2. I’ve tried this a few times and now see I may not have allowed anough water to drain away! Plus the ricer is a great tip!! I’ve not seen any pumpkins around here but if I do I can’t wait to try this…and all your recipes!!


  3. I’ve tried to ‘like’ pumpkin but it seems to be an innate not an acquired taste. Even the cheesecake I made and posted ended up being given away to more appreciative palates.


    I still have 2 cups of canned pumpkin puree in my freezer ( I laughed when I read “the freezer can quickly turn into a parallel universe, unknown and mysterious” as it’s SO true) looking for an appropriate use. The chickpea and pumpkin soup was, sadly, a disappointment.

    I’ll keep an eye open for future uses of your pumpkin puree though making my own is definitely not in my future. 🙂


  4. I roasted pumpkin and made purée for the first time last Fall. To be honest, I’d forgotten all about it until I read your post. I think it’s time to pull some of it out and put it to use! Thanks for the reminder and inspiration. I cannot wait to see how you use yours, Sally. I’m sure it will be delicious!


    • It’s a fun project, and as I said, you won’t need to do it more than once a year. What is great is finding uses for all that nice pumkin puree waiting for you in the freezer


  5. I love when there is a family history of doing something the ‘real’ way. It makes it meaningful and frankly, once you’ve tasted the authentic stuff and know what it has the potential to be, it’s hard to go back. Thank you for sharing the method and tips with us – this does sound worth the extra effort! Looking forward to your other unplugged pumpkin recipes Sally ;-).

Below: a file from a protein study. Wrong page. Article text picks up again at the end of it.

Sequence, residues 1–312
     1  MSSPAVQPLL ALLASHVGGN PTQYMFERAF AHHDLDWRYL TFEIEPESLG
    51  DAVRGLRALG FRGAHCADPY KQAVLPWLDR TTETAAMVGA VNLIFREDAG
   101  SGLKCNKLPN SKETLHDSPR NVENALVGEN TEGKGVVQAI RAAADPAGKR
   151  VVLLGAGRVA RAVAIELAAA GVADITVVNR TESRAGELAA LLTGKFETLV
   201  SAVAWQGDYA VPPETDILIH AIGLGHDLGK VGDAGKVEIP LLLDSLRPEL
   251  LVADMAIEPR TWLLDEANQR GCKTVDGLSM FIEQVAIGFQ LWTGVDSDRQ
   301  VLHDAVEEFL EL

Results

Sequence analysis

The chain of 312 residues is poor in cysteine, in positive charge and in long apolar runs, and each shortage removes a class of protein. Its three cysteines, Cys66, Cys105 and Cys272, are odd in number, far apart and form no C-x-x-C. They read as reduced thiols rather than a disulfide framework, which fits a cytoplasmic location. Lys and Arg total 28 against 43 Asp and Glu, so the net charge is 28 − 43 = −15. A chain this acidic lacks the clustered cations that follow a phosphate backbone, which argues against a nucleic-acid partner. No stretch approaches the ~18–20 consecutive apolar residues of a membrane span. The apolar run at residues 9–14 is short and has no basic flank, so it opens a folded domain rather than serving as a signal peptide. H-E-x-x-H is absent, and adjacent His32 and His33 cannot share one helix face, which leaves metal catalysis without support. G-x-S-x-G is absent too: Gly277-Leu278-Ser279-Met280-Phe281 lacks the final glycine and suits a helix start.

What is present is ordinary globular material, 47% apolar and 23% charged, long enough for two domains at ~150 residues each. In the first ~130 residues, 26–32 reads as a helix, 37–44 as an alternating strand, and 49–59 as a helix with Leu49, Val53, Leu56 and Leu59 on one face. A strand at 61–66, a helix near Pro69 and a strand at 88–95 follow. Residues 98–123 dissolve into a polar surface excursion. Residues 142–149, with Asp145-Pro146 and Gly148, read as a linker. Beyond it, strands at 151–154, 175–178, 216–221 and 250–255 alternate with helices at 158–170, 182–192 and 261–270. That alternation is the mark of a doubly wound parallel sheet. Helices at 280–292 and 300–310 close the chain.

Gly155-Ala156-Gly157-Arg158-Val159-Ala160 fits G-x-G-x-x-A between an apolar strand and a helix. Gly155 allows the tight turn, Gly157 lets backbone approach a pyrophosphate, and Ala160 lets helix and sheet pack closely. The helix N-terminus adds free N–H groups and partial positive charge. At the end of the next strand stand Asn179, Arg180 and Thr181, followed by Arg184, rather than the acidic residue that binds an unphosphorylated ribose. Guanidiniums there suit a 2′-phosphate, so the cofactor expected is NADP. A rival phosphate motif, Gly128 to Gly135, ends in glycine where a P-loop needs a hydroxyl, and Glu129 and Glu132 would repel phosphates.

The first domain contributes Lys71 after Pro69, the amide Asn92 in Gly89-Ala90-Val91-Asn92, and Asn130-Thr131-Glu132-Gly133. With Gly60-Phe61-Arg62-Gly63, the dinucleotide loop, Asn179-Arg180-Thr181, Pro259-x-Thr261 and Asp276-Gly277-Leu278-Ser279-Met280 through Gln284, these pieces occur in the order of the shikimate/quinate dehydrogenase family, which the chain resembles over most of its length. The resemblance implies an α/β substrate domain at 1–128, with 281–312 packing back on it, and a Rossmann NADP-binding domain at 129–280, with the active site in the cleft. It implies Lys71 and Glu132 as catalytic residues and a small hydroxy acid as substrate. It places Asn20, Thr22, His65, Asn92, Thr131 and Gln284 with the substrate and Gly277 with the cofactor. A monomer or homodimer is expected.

6. It’s so hard to find pumpkins that big around here which is why I rarely make my own puree! Maybe I just need to head out to a farm next fall to pick some up! Great idea.


    • Both in OK and KS those are everywhere. We get them straight from farmers, as we do watermelons. Phil always ends up friends with the best watermelon grower anywhere we live…. 🙂


  7. I am just giggling about the freezer turning into an unknown and mysterious universe! That defines my freezer. 😉 I loved this post Sally. You made this process seem so manageable. I love the step-by-step photos. Now I’m going to have to look into getting a potato ricer. Don’t have one of those. Very clever. I haven’t seen pumpkin in the stores in a while though. It’s a shame, because I’ve been missing it. Pass along my thanks to Phil and his family for the recipe too.


    • The potato ricer is a very useful gadget, ours has three disks with different sizes of holes, and I end up using only the middle one all the time. 🙂 I used to have a fancy food mill, those that you turn around. It did not “make the cut’ and was donated during our move. Smaller kitchen, not much storage, you see how it goes.


  8. I love making my own pumpkin puree and looking at the finished product does make you feel good about yourself 🙂
    I loved the comment about the freezer turning into a mysterious parallel universe! I know that only too well
    Looking forward to your upcoming posts


  9. How fun to be reminded of how my parents used to grow pumpkins and make their own puree.

    Here in Ohio grocers and farm markets sell medium sized pumpkins that are very heavy for their size and are called pie pumpkins. Maybe we will experiment and give this a try next autumn.